Many planning tools are available – some are listed on the GW4 collaboration guide. However, often the best framework comes from proposal documentation. Collaborative grants are at risk of poor communication, duplicated effort, loss of momentum and scope creep, so funders usually demand robust management structures and plans before they will commit. Think about the longer term direction that you want your project to take and even in the early stages, the proposals for large complex grants (from the MSCA ITNs or Research Council CDTs ) indicate the planning and management issues of running collaborative projects.
7. Find funding (especially to build ideas and teams)?
Use the internal experts to help identify the key funding opportunities (research support offices or local research officers) – some of the funders are listed on the collaboration page of this site.
8. Manage distant teams?
Many of the systems and processes demanded by funders are there to ensure that the distance between researchers doesn’t endanger the research progress. In the early stages make sure that people spent as much time as is feasible face-to-face getting to know each other. If they feel comfortbale in each other’s company and have spent time exploring the ideas and “trespassing” on each others’ areas of expertise they are more likely to interact from a distance. Cost into any proposal enough travel funding to ensure that people can get together regularly. Don’t restrict this to the PI and Co-I level – the students and researchers working on the project must also interact as they will be doing most of the work and coming across most of the problems. Make sure that they use technology effectively to keep in touch. This can include shared repositories for data, video conferencing, online forums and social media. There are also some suggestions in this guide from Cardiff University which is aimed at managers of home-based and distant workers, but includes a lot of relevant suggestions.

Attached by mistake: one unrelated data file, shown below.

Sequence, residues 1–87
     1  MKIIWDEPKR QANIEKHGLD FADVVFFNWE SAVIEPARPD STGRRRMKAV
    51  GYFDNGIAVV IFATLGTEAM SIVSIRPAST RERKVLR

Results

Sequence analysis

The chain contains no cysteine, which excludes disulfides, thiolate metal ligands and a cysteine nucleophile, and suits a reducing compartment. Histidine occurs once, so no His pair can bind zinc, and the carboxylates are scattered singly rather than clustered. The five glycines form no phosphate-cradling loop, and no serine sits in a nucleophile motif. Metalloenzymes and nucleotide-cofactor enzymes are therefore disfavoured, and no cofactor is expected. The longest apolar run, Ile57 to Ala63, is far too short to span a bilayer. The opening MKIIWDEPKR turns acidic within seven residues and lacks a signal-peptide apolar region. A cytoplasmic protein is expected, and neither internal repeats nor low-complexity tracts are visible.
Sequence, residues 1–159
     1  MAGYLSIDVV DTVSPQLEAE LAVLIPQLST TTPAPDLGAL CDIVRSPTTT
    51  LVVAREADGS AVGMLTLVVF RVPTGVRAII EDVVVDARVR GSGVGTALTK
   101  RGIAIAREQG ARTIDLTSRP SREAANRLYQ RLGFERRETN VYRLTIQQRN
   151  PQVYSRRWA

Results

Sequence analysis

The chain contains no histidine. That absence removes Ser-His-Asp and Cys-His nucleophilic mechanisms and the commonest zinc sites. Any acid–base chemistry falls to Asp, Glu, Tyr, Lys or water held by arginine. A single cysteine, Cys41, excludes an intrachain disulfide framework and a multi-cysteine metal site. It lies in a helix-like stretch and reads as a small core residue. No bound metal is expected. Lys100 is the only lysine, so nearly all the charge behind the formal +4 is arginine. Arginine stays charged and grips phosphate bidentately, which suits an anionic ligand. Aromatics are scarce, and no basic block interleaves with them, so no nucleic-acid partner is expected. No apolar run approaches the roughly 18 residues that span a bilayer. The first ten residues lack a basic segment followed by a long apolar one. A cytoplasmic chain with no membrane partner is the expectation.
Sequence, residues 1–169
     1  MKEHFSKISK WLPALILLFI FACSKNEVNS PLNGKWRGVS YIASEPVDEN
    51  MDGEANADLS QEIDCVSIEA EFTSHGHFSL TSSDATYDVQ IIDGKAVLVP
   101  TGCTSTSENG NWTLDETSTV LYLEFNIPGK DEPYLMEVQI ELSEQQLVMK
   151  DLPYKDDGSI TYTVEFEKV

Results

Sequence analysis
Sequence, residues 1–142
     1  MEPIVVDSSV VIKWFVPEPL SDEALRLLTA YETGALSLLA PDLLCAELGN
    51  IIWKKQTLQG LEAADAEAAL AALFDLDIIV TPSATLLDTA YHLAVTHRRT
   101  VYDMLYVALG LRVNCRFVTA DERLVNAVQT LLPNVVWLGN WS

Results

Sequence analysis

9. Pursue elusive collaborators?
If you have contacted a potential collaborator and heard nothing, don’t despair – they are probably very busy and may be intending to reply to your message but never quite finding the space to do so. Follow up again, making sure that you are VERY clear about what you are proposing, why you want them involved and what you think might be the benefit for them. Say that you appreciate they are busy but that you would like to talk to them and will call in the next few days to see if there is any mutual interest in taking things further. You could also ask if they are likely to be attending a meeting or conference where you might coincide. Another strategy is to either bring them to your department (have them invited to give a seminar) or to travel to them (again, possibly giving a seminar in their department after making contact with the person who arranges their programme) for these initial conversations. This demonstrates your commitment and willingness to make real efforts to engage them which are good things to see in potential collaborators.
10. Work out who to collaborate with and who to “compete” with?
This is a very personal decision and really has to be worked out by you and the other researcher. Sometimes bringing together two people in the same field with similar interests creates a critical mass which allows for the work to progress more quickly. Other times it just feels like a duplication of effort. Trust your judgement if you are in this situation. If the ideas aren’t flowing and it doesn’t feel right, agree to continue to work in the same space, but independently.
Finally, there’s an overarching piece of advice – I’m presenting my take on all these questions (based on talking to experts, but nonetheless, my take). You should seek advice from more experienced researchers in your field and develop as many “mentoring” relationships as you can with people. Collaboration usually involves working with people with differences in their skills, interests, motivations, backgrounds – getting a bit of insider advice from a mentor will help you approach potential partners with more confidence and awareness.